At the IGM Forum at Chicago Booth, some of the best economists from Europe and the United States were invited to speak. Because of the economic and financial sanctions that have been put in place, most people think that Russia will go into a deep recession. Many also think that the invasion will hurt the global economy and inflation over the next year. European countries would go into recession, but most people polled say that an embargo on Russian oil and gas would be worth the money if that were the case. People have a wide range of opinions when asked about the impact of dollar finance being used as a weapon on its status as the world’s most important currency.
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Russia is cutting back on the amount of fossil fuel it exports: short-term pain for long-term gain
What are the most likely economic consequences following Russia’s attack on Ukraine? Over the last ten years, the IGM Forum at Chicago Booth has asked some of the world’s best economic experts from Europe and the United States to give their thoughts on current public policy issues. As part of this year’s IGM Forum, the panelists were asked to share their thoughts on several important topics, such as how the Russian economy (Cecchetti and Schoenholtz 2022, Garicano 2022), Europe’s economy, the role of the U.S. dollar as a global currency, and more,
In the immediate aftermath of Russia’s invasion of Ukraine, global growth will slow down, and inflation will rise, which will lead to a stagflationary spiral that will hurt everyone.
There were 41 of the 48 European experts and 40 of the 43 American experts who took part in this poll, with 81 expert votes.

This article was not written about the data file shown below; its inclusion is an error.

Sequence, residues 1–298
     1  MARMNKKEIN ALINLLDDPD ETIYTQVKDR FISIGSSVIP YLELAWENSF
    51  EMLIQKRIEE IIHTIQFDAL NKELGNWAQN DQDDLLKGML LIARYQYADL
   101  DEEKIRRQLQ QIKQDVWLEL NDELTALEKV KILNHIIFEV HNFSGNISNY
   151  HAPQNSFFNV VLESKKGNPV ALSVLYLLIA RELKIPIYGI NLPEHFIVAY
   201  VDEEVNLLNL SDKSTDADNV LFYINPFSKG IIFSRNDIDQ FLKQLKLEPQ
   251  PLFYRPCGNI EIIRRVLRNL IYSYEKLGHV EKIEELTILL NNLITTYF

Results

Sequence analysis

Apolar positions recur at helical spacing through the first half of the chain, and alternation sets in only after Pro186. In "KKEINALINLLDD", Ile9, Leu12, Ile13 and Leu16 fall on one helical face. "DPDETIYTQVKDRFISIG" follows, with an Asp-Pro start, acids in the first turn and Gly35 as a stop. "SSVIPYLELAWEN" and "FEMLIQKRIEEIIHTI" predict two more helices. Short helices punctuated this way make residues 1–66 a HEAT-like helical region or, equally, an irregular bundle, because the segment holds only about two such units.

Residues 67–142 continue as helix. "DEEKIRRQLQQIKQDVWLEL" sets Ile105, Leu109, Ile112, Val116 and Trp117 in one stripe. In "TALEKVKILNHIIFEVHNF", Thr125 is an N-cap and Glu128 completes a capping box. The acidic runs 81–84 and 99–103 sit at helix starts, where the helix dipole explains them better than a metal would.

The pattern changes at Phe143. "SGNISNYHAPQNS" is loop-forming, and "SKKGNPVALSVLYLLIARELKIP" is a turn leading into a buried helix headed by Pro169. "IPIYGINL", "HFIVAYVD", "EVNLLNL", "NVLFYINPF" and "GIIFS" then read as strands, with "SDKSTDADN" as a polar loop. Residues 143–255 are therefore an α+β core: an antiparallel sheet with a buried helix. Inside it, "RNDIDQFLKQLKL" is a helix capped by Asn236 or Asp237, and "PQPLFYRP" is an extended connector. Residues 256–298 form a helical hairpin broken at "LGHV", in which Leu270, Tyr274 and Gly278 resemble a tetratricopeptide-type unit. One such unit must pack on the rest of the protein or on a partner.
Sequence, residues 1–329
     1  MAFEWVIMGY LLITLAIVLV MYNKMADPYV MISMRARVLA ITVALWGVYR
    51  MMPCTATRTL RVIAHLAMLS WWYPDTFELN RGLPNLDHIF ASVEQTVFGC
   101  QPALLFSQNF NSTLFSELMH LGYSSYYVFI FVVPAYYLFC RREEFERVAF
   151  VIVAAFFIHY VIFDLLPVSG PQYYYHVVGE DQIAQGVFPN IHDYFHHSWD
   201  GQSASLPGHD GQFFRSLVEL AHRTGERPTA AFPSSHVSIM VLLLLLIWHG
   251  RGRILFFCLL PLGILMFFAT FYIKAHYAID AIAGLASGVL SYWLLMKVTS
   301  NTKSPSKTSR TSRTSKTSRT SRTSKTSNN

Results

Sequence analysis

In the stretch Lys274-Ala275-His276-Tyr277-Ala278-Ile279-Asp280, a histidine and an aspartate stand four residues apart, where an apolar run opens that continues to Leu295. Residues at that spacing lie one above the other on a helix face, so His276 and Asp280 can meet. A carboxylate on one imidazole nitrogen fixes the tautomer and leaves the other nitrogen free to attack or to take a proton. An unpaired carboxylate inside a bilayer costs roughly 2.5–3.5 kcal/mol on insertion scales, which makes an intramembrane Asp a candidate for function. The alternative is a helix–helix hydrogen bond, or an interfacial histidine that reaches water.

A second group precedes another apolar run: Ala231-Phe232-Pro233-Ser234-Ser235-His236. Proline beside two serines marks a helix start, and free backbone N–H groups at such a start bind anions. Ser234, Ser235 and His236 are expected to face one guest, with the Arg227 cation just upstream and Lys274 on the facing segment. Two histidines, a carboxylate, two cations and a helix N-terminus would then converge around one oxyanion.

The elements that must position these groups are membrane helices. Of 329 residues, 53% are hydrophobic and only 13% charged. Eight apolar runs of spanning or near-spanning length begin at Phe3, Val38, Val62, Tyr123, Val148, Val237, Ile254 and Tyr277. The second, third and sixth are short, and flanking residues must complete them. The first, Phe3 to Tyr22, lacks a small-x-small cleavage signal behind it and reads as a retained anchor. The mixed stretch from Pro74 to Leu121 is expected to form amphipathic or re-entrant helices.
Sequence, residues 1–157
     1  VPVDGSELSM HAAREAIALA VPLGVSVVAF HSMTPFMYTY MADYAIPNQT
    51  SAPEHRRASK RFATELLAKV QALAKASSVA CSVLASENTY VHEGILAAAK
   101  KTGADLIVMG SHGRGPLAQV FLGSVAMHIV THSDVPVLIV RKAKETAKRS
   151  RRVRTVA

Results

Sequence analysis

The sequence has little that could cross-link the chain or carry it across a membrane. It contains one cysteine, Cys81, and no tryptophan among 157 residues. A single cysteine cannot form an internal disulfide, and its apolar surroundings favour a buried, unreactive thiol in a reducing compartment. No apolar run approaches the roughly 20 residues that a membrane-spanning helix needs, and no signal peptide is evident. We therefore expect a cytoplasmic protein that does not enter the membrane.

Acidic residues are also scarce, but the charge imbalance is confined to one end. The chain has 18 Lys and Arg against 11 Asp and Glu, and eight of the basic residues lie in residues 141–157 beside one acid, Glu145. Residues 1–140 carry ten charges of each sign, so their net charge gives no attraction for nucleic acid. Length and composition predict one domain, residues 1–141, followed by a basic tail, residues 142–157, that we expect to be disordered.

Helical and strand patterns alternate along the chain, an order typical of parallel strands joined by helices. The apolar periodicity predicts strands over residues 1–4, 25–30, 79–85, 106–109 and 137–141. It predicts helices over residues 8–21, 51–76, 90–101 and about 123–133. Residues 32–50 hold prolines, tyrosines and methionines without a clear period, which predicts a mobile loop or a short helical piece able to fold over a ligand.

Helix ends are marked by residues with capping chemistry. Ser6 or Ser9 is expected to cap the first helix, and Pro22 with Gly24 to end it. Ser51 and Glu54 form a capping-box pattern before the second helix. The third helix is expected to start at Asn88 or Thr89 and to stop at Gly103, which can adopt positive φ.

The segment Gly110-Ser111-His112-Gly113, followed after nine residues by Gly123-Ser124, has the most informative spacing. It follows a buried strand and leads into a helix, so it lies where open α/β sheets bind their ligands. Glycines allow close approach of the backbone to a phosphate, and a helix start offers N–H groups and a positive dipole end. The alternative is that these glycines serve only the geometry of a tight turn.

Depending on how the invasion goes, it could cause stagflation.
A majority of the panel thinks that the invasion will hurt global economic growth and inflation over the next year. The rest aren’t sure.
Sixty-five percent of people in the U.S. said they agreed with the survey results, 16 percent said they agreed with them very much, and 19 percent said they didn’t know. Some 34 percent of the European panel say they agree, 44 percent agree, 22 percent aren’t sure, and 0 percent disagree or strongly disagree (again, this is based on each expert’s confidence in their answer).
Overall, 26 percent strongly agree, 53 percent agree, 21 percent aren’t sure, and no one disagrees with this statement. This statement is true for everyone.As a student at University College Dublin, Karl Whelan says this is a “classic” lousy supply shock. As we learned in the 1970s, these shocks raised inflation and cut output. A nasty supply shock is what Robert Shimer of the University of Chicago is calling it, even though he doesn’t know what will happen. That could or could not be inflationary, depending on how the monetary policy responds. Yale’s Larry Samuelson, who agrees with the statement, says that a protracted fight will hurt the global economy, on top of problems with the supply chain.